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Last week, the IRS issued a second round of regulations related to the Qualified Opportunity Zone Program.  This follows a first round of regulations that were released in October 2018.  The new regulations provide more clarity and help answer some persisting questions.

Here are a few of the common questions:oppzones_792x800
  • What is a “trade or business” for purposes of the opportunity zone incentive?
  • How do we decide when and how we can defer Section 1231 gains?
  • What is the definition of “substantially all” for purposes of qualified opportunity zone stock, partnership interest, and property?
  • Is raw land considered QOZBP?
  • Can a QOF or QOZB lease property and have it meet the definition of QOZBP?
  • What types of events will trigger deferred gain during an investors holding period in a QOF?
  • Does an investor have to sell the equity interest in a QOF after ten years, or can the QOF sell its assets with the gain still being tax-free to the investor?
  • What happens to an investor if a QOF sells some of its QOZBP during the ten-year holding period? 
  • How does an operating business pass the "more than 50% test?"
  • How does the "original use" test work if you purchase a yet-to-be completed building or a building that has been vacant for years?

The answers to these questions are provided by RubinBrown’s own Tony Nitti.  Tony authors a column in Forbes, as well as provides training on the tax laws to practitioners across the country.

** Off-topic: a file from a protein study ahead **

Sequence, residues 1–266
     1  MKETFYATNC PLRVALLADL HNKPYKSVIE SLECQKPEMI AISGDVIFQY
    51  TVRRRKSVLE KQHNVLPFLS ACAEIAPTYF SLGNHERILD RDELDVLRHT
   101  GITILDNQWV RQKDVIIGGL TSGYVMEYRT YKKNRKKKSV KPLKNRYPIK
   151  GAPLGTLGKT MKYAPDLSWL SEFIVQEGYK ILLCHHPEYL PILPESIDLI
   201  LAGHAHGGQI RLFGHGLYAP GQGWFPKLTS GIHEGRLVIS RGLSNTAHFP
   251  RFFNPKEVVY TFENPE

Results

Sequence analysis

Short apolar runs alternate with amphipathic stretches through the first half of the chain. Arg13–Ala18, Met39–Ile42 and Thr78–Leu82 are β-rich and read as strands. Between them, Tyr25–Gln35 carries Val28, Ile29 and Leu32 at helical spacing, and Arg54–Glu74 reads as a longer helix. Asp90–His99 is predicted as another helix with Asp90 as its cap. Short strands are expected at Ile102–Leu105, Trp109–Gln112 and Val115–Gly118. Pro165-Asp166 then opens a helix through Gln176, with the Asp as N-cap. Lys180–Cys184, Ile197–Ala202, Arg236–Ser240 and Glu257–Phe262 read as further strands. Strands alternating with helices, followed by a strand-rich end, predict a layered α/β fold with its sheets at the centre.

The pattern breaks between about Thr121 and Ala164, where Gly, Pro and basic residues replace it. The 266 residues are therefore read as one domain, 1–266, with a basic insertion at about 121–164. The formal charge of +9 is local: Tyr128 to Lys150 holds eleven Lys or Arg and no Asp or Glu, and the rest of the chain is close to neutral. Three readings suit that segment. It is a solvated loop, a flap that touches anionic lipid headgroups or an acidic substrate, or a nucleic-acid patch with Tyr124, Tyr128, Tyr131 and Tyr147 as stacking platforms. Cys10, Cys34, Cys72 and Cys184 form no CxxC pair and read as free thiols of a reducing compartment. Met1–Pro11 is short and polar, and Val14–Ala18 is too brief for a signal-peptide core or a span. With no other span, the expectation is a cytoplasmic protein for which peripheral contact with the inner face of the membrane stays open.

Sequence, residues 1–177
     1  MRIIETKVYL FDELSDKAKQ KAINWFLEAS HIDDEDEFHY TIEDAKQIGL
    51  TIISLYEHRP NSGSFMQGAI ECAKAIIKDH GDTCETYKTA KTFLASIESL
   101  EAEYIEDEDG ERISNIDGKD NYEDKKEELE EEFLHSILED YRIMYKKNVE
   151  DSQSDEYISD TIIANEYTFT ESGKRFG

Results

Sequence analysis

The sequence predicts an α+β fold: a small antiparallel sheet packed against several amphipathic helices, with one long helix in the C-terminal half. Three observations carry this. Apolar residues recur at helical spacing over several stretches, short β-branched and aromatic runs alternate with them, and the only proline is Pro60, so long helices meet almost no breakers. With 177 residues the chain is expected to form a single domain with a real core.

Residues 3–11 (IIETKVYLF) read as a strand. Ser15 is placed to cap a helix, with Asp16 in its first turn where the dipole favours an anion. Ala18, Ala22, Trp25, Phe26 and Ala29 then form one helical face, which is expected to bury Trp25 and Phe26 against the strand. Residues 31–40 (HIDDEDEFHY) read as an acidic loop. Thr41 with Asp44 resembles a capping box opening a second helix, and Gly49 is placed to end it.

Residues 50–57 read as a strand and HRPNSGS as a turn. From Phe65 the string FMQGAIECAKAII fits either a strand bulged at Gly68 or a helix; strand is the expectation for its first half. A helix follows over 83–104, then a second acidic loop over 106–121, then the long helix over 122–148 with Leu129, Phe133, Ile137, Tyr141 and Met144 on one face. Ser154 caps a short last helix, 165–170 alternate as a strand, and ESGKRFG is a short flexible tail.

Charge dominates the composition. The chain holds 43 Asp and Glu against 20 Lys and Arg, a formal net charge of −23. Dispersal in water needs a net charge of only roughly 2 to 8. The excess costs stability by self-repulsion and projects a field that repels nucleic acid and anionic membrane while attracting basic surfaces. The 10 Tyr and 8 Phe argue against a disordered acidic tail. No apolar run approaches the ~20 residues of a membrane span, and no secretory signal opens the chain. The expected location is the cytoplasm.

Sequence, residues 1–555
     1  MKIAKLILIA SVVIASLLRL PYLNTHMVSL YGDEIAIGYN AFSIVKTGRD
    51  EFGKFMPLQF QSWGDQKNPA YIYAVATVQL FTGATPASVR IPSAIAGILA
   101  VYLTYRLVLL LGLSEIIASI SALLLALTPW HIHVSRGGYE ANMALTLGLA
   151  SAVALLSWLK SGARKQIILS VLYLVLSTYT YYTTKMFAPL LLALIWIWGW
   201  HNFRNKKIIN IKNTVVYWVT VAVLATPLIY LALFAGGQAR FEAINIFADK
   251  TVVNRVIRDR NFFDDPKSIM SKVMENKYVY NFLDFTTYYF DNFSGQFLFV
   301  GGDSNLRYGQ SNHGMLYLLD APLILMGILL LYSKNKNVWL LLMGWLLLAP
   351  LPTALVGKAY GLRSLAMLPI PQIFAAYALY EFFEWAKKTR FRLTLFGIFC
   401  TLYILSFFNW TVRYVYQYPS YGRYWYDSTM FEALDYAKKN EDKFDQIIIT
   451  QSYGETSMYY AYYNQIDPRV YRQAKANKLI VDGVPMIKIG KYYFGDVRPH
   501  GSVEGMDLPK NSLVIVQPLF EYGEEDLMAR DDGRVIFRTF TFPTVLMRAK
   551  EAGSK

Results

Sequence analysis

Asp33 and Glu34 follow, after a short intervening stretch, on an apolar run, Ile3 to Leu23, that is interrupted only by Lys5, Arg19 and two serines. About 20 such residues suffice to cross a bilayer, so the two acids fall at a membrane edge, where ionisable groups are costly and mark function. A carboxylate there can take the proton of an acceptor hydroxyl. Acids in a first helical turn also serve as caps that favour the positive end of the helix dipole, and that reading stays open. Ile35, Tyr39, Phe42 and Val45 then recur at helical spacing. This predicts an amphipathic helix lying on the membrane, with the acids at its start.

Click here to read Tony Nitti’s recent article in Forbes.

Click here to listen to Tony Nitti’s podcast that was posted on OpportunityDb.com.


RubinBrown was also honored to be a part of a panel discussion on opportunity zones at the Impact Investing Symposium at Washington University on April 25.  Click here to check out the agenda.

 

 

 

 

April 26, 2019

Last week, the IRS issued a second round of regulations related to the Qualified Opportunity Zone Program.  This follows a first round of regulations that were released in October 2018.  The new regulations provide more clarity and help answer some persisting questions.


Here are a few of the common questions:oppzones_792x800
  • What is a “trade or business” for purposes of the opportunity zone incentive?
  • How do we decide when and how we can defer Section 1231 gains?
  • What is the definition of “substantially all” for purposes of qualified opportunity zone stock, partnership interest, and property?
  • Is raw land considered QOZBP?
  • Can a QOF or QOZB lease property and have it meet the definition of QOZBP?
  • What types of events will trigger deferred gain during an investors holding period in a QOF?
  • Does an investor have to sell the equity interest in a QOF after ten years, or can the QOF sell its assets with the gain still being tax-free to the investor?
  • What happens to an investor if a QOF sells some of its QOZBP during the ten-year holding period? 
  • How does an operating business pass the "more than 50% test?"
  • How does the "original use" test work if you purchase a yet-to-be completed building or a building that has been vacant for years?

The answers to these questions are provided by RubinBrown’s own Tony Nitti.  Tony authors a column in Forbes, as well as provides training on the tax laws to practitioners across the country.

Click here to read Tony Nitti’s recent article in Forbes.

Click here to listen to Tony Nitti’s podcast that was posted on OpportunityDb.com.


RubinBrown was also honored to be a part of a panel discussion on opportunity zones at the Impact Investing Symposium at Washington University on April 25.  Click here to check out the agenda.
 
 
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